I've come to realize that I have immense difficulty expressing how I feel in a direct fashion, because I often think that what I'm feeling is unjustified. I push away these feelings, and sometimes Buddhism provides a convenient language in which to do this. "Oh, that anger is anatta, not-self. There really is no 'me.' I shouldn't react to it. I should abide in upekkha, equanimity. Anger is a klesha, defilement, and I vow to purify myself of defilements." When really what I want to do is throw something or cry.

So, sometimes that anger does decompose if it's minor enough and buried in swampy enough ground. Usually what happens is that the anger from that specific situation fades, until I encounter that specific situation again. Which I nearly always do, in some form. I suppose that's what they mean when they say you'll keep encountering the same problem until you resolve it.

Back to my point... I like to think that I'm a generous, compassionate, easygoing person. And frequently I am. But these are not fixed qualities, and their opposites (selfishness, coldness, anger) also exist within me. This is what I have trouble accepting, and loving unconditionally. I am not being who I am when I'm trying to be that "good" person.

One thing I have difficulty understanding in Buddhism is its emphasis on solitude. Meditation, while often done in groups, does not require interaction with others. Many of the great "heroes" of Buddhism experienced long periods of solitude. I do think it's important to become comfortable with oneself, and I do think that solitude is one means to that end.

However, I think it's relationships that teach you who you are and offer possibilities for improvement. Relationships hold up a mirror to our souls and ask "is THIS who you wanted to be?" Alone, we can forget the 5 trunkloads of emotional baggage we cart around with us. When it affects another person, it slaps us in the face.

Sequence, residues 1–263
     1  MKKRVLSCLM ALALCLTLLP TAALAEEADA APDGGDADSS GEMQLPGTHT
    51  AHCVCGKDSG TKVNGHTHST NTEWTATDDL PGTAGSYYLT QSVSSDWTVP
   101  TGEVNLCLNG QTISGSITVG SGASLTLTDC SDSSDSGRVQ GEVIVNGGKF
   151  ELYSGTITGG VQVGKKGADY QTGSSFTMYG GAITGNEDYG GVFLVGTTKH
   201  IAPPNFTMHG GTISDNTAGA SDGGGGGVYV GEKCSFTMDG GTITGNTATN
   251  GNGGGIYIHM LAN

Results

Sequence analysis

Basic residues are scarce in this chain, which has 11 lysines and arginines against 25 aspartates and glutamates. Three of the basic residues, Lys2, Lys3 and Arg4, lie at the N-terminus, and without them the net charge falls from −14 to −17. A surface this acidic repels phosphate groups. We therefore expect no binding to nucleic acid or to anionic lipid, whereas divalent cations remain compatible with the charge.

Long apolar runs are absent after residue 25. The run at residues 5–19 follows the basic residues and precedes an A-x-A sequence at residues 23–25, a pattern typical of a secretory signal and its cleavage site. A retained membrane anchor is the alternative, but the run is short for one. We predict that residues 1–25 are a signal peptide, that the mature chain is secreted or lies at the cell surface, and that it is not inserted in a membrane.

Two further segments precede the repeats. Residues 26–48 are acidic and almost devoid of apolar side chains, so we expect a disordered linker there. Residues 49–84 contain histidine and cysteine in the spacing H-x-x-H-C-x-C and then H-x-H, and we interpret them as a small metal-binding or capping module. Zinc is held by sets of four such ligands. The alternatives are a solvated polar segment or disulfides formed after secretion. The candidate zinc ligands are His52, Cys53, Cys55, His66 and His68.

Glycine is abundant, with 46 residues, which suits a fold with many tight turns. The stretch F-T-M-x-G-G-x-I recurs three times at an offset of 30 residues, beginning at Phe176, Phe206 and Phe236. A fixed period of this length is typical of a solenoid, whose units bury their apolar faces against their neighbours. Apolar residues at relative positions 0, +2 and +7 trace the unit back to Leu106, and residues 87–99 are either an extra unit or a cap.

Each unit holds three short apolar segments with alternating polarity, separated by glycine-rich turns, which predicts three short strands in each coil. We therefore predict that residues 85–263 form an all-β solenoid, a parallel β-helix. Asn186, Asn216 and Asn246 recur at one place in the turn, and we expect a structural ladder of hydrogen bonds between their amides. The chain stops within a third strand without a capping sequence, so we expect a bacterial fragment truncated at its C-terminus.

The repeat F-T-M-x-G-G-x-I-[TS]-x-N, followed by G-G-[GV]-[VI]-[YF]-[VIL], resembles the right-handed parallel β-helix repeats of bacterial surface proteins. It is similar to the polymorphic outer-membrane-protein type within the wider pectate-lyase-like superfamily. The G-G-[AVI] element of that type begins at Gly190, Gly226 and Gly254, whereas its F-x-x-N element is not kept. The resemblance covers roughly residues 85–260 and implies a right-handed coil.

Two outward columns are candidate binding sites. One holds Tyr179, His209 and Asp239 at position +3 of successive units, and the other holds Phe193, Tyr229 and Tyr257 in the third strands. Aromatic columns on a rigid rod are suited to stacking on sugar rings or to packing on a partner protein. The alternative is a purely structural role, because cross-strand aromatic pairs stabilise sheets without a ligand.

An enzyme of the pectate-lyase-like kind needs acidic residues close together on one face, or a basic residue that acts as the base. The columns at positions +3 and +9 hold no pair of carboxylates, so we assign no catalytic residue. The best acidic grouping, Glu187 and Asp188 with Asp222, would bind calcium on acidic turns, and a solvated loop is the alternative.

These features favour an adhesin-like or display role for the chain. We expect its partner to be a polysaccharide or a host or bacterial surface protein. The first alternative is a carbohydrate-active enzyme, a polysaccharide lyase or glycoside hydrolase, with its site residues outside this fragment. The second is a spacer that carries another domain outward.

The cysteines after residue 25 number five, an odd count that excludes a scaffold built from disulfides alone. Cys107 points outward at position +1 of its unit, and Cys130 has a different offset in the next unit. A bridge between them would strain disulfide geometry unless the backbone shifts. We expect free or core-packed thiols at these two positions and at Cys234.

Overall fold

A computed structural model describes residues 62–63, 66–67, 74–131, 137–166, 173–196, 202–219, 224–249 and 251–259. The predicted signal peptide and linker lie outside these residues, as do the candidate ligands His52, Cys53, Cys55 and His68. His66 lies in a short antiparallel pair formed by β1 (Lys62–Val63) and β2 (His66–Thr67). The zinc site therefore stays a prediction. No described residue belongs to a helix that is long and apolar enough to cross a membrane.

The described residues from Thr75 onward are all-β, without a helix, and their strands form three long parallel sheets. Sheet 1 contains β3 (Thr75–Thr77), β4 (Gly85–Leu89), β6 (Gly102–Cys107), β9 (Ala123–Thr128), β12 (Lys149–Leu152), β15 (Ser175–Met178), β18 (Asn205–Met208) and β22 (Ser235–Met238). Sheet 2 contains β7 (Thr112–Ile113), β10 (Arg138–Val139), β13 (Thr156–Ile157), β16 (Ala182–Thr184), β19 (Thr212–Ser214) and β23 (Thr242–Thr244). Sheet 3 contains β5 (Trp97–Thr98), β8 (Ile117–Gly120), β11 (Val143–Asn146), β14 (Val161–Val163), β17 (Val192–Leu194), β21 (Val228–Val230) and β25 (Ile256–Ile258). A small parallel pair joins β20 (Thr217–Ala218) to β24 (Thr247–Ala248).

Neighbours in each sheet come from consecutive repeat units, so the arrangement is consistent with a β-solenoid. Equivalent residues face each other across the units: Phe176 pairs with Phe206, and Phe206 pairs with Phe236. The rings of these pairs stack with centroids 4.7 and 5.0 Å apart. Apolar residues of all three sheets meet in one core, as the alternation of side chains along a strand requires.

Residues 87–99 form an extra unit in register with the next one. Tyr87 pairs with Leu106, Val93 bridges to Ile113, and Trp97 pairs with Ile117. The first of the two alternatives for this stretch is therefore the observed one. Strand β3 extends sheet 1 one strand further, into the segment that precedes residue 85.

I have been slapped in the face with my own selfishness. Sometimes I want what I want, when I want it, regardless of what the other feels. I didn't honestly realize I was doing this. I figured since I think so much about the other person, I can't be selfish. But as I watch my thoughts, they're mostly about what he can do for me, what he hasn't been doing for me, etc. Not how he feels, not what he wants, not what I can do for him.

This is a devastating shock to me. I did not think I was this type of person. What further disturbs me is that it seems so deep-rooted that while I can mouth compassionate words, I do not feel them. I know what I'm supposed to say. I know what I'm supposed to feel. I think the reason I don't feel it is fear. I'm terrified of not getting what I want, and to give to the other person without anything in return feels like giving something up. As if love is a zero-sum game, which it's not.

Somewhere in an essay about Buddhism and marriage (which I can't find, or I'd link it), the author says that if we cannot treat our loved ones with respect and compassion, how can we save all sentient beings? Which is, of course, the Bodhisattva vow. Why do we sometimes feel more compassion for strangers we see on the news than our own families?

I digress... anyway... this has been a disheartening few days for me as I come face to face with my own mental defilements. Now to set on the task of removing them.

Okay, so it's been awhile. I slipped off into the suffering slumber of samsara, and now I'm shaking myself awake. Sometimes I need a reminder of why I chose this path, and I certainly have had that in the past month. All my suffering - every tiny little bit - has been created by me and me alone. My expectations dictate the level of my suffering. The less willing I am to accept things as they are, the more suffering I must endure. Simple cause and effect.

Sometimes I am angry or resentful and can't pinpoint a source, which is where mindfulness comes in. There are one hundred little things that upset me on a daily basis, but what is really going on? Am I really that childish and selfish that I will throw a mini-tantrum if I don't get my way? I keep thinking I should be more mature, but the fact is that I'm not. I haven't yet learned how to drive the cart; the horse is still leading me. (And he's easily spooked.)\

There seem to be two schools of thought - the one that seeks to get to the root of the problem so it can be effectively resolved; and the one that seeks to pull out the arrow without needing to know who shot it or why. I waver between these two. I know it's a myth that there is some grand "solution," but I keep looking for it anyway.